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article imageTasmania offers 'convictourism' to promote its convict heritage

By Laura Trowbridge     Oct 5, 2010 in Travel
UNESCO recently added five prison sites to its World Heritage List, all located in the Australian island and state of Tasmania.
Tasmania Tourism is taking advantage of the recognition by advertising the prison sites as "convictourism."
Felicia Mariani, chief executive officer of Tourism Tasmania, said: “The listing is great news for our tourism industry, and will allow us the opportunity to build an additional dimension to our visitors’ experiences.
“When you ask people what comes to mind when they think of Tasmania, the first thing they usually mention is our wilderness. This is not surprising given that over half of our state is ancient World Heritage Wilderness, national parks and forest and marine reserves. And, given our history and rich colonial heritage, it is fitting that our State has now received recognition for these five important convict heritage sites. It can only add further to our reputation as a world-class destination.”
The Tasmanian sites are Port Arthur and the Coal Mines Historic Site on the Tasman Peninsula; the Cascades Female Factory in South Hobart; Darlington Probation Station on Maria Island; and the sites of Woolmers and Brickendon Estates near Longford. Six other prison sites have been listed in mainland Australia, as well.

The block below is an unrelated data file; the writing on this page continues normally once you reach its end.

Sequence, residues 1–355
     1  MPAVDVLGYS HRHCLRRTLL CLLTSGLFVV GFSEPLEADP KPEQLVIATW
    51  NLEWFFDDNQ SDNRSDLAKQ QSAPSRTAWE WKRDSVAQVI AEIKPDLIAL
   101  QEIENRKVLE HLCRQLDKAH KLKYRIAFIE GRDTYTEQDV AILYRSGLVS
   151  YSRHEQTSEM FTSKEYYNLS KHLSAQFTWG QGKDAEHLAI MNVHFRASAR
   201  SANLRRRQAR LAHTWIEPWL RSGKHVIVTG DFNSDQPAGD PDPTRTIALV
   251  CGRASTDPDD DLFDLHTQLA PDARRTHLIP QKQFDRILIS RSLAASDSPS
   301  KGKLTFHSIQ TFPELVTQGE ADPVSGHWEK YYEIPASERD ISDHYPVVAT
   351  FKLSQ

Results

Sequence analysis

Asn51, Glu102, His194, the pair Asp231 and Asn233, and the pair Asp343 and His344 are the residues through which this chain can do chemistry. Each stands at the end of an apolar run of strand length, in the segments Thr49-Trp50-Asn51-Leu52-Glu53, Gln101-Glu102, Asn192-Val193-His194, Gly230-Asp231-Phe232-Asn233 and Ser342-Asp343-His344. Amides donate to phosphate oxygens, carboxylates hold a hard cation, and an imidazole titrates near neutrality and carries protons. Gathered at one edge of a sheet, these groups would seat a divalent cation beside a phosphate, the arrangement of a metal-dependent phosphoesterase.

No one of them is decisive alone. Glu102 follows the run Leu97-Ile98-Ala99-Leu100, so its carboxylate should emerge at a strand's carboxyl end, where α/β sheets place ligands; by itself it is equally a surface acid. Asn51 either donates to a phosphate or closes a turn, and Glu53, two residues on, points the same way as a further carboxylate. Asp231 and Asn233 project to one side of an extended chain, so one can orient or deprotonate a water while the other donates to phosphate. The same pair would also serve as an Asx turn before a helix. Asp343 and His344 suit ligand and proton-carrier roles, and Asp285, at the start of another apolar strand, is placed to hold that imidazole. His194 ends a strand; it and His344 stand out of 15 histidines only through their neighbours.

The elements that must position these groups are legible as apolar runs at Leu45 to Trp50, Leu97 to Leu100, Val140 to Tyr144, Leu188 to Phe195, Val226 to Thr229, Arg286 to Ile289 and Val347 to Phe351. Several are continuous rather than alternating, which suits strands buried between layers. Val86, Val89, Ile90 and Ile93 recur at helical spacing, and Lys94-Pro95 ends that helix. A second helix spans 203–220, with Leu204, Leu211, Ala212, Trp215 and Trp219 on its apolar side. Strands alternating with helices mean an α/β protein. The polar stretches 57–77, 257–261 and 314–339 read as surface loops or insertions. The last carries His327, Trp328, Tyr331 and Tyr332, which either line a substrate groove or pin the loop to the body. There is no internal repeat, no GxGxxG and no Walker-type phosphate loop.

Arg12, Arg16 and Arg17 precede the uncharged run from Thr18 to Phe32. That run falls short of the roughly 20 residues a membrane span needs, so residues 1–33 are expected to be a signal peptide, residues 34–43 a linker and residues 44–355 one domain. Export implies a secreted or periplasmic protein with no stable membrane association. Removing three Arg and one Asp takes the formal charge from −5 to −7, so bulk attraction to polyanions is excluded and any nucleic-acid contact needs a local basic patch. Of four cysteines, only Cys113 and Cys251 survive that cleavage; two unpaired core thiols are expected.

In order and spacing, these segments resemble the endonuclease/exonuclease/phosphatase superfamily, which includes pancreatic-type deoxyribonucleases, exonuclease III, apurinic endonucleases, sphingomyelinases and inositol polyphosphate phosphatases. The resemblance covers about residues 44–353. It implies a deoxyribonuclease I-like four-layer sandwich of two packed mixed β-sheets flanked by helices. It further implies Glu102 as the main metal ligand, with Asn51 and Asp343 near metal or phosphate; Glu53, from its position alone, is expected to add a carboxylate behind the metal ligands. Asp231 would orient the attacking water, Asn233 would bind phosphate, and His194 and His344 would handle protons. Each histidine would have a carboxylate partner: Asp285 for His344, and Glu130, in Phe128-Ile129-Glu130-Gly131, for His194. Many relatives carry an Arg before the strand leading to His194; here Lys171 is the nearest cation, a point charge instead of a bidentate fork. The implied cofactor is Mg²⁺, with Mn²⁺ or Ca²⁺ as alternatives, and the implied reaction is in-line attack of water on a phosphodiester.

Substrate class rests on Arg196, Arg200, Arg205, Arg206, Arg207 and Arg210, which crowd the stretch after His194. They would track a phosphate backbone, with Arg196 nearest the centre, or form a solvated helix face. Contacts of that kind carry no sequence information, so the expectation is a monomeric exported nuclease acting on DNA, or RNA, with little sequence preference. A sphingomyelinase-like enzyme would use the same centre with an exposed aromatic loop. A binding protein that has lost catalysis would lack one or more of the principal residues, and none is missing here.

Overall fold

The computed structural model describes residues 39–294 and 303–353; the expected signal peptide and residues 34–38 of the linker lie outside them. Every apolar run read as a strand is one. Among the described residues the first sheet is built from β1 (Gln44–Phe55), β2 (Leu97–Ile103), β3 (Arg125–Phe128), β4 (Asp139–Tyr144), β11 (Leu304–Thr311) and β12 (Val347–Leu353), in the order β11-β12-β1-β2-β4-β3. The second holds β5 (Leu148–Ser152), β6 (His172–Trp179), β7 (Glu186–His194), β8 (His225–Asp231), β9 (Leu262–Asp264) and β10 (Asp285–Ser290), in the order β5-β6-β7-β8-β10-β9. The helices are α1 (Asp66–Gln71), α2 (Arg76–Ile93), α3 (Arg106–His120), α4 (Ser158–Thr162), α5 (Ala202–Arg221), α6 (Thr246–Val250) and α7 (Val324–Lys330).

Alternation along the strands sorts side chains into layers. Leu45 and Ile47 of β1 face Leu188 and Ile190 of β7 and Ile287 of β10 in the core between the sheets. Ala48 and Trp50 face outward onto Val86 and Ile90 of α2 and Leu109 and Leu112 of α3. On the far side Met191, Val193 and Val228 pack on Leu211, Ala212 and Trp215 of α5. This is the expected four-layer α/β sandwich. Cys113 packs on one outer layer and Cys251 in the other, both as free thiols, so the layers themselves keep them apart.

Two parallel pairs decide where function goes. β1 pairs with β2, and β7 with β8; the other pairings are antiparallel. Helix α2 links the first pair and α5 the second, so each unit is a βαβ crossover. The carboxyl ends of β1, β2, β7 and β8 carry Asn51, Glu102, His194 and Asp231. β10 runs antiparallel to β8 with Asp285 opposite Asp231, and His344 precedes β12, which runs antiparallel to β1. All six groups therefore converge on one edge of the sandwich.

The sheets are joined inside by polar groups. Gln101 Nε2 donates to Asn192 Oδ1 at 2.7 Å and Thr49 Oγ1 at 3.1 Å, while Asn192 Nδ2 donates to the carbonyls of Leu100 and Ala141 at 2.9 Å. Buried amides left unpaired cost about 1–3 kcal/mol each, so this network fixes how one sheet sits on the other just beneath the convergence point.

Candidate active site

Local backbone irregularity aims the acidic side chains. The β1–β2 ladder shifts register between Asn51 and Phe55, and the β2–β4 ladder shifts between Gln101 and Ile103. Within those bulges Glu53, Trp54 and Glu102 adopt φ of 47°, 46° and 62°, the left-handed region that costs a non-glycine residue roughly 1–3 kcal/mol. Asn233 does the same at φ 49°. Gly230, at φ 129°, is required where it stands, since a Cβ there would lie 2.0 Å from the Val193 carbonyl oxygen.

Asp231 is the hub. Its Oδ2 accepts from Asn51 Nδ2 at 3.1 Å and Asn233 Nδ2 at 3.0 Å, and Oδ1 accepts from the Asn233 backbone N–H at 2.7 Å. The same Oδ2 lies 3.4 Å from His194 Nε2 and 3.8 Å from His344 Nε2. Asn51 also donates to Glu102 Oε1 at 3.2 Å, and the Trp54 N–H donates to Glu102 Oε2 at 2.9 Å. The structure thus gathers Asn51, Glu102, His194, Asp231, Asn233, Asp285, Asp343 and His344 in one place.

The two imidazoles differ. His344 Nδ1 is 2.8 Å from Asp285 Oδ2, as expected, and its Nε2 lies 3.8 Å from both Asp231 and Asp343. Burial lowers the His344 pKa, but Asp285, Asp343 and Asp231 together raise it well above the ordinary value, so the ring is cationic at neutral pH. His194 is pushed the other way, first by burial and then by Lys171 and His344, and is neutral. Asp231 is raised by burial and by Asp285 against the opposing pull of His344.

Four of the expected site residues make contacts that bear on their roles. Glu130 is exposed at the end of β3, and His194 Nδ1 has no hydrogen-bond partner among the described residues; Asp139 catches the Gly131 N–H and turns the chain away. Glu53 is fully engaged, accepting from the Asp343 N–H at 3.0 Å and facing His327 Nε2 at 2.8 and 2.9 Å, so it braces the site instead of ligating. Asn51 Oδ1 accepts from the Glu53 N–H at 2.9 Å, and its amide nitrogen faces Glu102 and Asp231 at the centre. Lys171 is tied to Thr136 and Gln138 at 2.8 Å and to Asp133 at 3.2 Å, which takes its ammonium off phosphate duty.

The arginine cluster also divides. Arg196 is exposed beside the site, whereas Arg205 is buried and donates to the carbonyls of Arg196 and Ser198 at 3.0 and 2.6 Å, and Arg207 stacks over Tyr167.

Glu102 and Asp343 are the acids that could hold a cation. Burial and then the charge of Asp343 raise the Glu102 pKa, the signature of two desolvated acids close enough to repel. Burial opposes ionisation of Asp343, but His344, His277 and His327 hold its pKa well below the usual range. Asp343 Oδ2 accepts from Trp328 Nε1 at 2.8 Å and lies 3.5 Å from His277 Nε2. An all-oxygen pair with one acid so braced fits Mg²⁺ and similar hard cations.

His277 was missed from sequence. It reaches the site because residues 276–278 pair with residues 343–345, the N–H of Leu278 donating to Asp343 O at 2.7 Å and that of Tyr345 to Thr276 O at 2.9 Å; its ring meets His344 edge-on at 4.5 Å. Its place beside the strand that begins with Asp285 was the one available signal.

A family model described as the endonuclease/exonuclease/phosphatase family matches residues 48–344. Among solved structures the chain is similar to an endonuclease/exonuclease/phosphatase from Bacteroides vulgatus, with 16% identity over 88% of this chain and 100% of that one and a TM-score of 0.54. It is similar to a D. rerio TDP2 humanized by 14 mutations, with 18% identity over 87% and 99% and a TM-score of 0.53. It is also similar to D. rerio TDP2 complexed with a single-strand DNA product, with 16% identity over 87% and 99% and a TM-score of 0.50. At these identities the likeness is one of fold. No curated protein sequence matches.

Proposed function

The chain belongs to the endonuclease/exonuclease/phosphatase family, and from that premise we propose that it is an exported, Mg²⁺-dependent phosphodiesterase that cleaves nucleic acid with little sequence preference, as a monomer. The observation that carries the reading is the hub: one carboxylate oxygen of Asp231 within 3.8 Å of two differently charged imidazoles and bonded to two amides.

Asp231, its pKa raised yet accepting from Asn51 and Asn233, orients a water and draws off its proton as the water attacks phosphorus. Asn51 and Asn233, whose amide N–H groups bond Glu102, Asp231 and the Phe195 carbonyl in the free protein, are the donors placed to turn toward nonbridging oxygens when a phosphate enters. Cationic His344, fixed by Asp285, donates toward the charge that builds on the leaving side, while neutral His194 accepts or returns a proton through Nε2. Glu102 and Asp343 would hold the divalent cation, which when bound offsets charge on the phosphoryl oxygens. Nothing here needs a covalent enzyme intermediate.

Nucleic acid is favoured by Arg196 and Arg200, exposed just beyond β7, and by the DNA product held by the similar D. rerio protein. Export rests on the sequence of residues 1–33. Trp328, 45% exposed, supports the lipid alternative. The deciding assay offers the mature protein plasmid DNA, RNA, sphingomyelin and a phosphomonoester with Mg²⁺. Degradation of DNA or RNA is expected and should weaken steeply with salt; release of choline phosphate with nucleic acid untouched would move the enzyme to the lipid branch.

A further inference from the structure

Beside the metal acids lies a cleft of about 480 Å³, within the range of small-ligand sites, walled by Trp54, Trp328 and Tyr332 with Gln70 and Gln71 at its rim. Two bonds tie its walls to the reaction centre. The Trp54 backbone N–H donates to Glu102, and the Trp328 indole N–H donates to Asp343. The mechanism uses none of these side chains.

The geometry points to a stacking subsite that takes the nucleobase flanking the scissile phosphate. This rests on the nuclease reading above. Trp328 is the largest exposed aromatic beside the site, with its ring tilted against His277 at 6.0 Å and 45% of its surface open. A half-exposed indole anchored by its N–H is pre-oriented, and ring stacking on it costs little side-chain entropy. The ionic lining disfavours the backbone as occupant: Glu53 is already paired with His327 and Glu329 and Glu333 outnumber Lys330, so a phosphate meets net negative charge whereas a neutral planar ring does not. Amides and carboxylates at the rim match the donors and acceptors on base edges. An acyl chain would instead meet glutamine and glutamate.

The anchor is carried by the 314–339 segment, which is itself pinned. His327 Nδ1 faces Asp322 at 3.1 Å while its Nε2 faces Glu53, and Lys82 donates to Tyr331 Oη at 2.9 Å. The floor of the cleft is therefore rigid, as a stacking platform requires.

According to AOL News, "thousands of penal sites were established in Australia in the 18th and 19th centuries, imprisoning criminals expelled from the United Kingdom and Ireland, many for committing petty crimes such as stealing a loaf of bread."
Tourism Tasmania spokeswoman Mel Percival said: "It used to be thought of as a black spot on the family, but now it's become trendy to have a convict in the past."
Percival went on to say: "Female convicts were brought to Tasmania to settle the men down, because they were getting a bit unruly. So women were really instrumental in populating the island."
The female convicts' role has mostly been ignored, but this is about to change now that Percival says, "They're the future of convictourism."
Tourists interested in tracing their ancestors by following "the convict trail" will find the Tasmanian state authorities hold complete records of convict history to aid in family root-tracing.
More about Tasmania, Convict, Heritage, Convictourism, Prisons
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